Activity: Students will read selections of primary documents, letters from people during the time period of the Great Depression to President Roosevelt. Students will be given a packet of letters from which they can choose 5 to read. Prior to reading, the teacher should discuss how letter writing is an important part of influencing our government, who is supposed to be representing us, the people. Students should be able to connect the letter writing campaign during the time of the Great Depression to that of Sarah Hale in Thank You Sarah, a book read to the students in November concerning Sarah's letter writing campaign to make Thanksgiving a national holiday. Students should use sticky notes to help them as they read to locate important information that will aid in their understanding of the perspective of the writer. After they read the letters they will be given the chance to work in groups according to one of the following perspectives: "I need help Mr. Roosevelt", "You are giving people too much help Mr. Roosevelt", "You are an awful leader Mr. Roosevelt." Students organize into group depending on the perspective that matches the letters they decided to read and create a role-playing scenario. The skit should involve people of the time period discussing with each other or the President about their personal situation. Students will then perform skits in front of the class in order to better understand how different people viewed the Great Depression and the actions of President Roosevelt differently.
Skits should be short, but to the point. The children should be able to translate the sentiment of the letters into the spirit of the skit. Students should be allowed to be creative, yet still reflect the nature of the times and people within that era, the Great Depression.
Multiple Intelligences: Bodily/Kinesthetic intelligence will be addressed through the opportunity to role-play, Visual/Spatial learners will benefit from graphical organizer in pre-activity
McElvaine, R. (1983). Down and Out in the Great Depression. Chapel Hill: UNC Press.
Anderson, L. (2002). Thank You Sarah. New York: Scholastic Press.
Glamorizing the West
Subject: Social Studies, Music
Social studies Objective 3.7 Describe art, music, and craft forms in the United States and compare them to various art forms in Canada, Mexico, and selected countries of Central America.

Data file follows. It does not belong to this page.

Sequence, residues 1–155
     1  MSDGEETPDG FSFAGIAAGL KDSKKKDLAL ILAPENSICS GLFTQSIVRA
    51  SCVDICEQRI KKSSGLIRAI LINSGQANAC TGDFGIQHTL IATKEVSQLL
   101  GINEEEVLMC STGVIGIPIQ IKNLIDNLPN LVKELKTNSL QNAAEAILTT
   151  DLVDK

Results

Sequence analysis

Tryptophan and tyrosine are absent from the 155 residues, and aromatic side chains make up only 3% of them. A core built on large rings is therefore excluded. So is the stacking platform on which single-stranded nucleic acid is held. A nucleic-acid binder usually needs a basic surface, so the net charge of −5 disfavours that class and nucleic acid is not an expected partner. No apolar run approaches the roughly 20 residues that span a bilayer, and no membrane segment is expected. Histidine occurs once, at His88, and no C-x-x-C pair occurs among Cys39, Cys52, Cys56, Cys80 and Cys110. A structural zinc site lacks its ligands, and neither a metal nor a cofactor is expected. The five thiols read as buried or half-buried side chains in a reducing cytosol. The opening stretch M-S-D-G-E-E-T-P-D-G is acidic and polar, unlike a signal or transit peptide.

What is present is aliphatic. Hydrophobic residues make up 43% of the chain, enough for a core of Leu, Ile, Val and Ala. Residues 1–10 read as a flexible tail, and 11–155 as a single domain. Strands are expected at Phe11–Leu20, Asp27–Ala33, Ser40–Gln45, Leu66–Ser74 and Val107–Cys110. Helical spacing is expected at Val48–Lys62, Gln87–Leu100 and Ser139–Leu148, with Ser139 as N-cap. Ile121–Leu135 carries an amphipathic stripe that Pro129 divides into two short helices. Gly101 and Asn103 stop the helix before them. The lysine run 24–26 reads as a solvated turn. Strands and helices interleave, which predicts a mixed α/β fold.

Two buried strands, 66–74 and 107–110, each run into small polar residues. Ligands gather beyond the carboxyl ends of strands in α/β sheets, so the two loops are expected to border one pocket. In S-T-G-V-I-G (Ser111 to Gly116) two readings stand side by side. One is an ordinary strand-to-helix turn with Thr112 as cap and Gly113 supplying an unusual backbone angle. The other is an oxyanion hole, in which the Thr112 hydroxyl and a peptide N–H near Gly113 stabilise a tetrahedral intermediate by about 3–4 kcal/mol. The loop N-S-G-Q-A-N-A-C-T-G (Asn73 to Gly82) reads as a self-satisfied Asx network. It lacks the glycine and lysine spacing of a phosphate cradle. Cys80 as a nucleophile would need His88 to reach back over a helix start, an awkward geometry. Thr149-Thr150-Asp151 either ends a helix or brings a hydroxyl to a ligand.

Music Education Objective 1.6 Sing expressively with appropriate dynamics, phrasing, and interpretation.
Music Education Objective 1.8 Blend vocal timbres and match dynamics while singing in a group.
Music Education Objective 1.9 Sing music representing diverse styles, genres, and cultures.
Music Education Objective 9.5 Show respect for music from various cultures and historical periods
Lesson Length: 1- 2 lessons, approximately 30 minutes in length each
Materials: Copy of "Happy Trails" with Dale Evans, access to computer with Internet and sound capabilities
Activity: This activity is in conjunction with a lesson about the singing cowboy. Teacher will introduce the 1930s Singing Cowboy phenomena, which was a time around the Great Depression, where businessmen became the villains and the culture glorified the freedom of cowboys, particularly the cowboys out west. The romancing of the west could be seen in music and film with the explosion of westerns (popular star: John Wayne).
Discuss how popular the singing cowboy image became, people dealing with hard times harkened back to good times in the past through the glorification of the old west and the image of a carefree cowboy. Heavy financial burdens faced during the hard economic times of the 1930s led to nostalgia of better days in the past. Background information on Great Depression and the singing cowboy can be found in text Country Music, U. S. A (pgs145-183) and personal essay (see attached).
Singing Cowboys usually dressed the part. They wore white cowboy gear and were often pictured on horseback. Dale Evan, representing the female cowboy girl, was married to singing cowboy Roy Rogers. The lyrics often contained imagery closely tied with the West as in the song "Happy Trails." Pictures can be found on Roy Rogers and Dale Evans official website, along with lyrics, and sound for tune "Happy Trails."
This background information leads to the singing of "Happy Trails" with Dale Evans.
Multiple Intelligences: Addresses students with preferences towards Musical Intelligences and auditory learners
Other Singing cowboys songs that may be of interest:
Tumbilin' Tumbleweeds (1933) sung by Gene Autry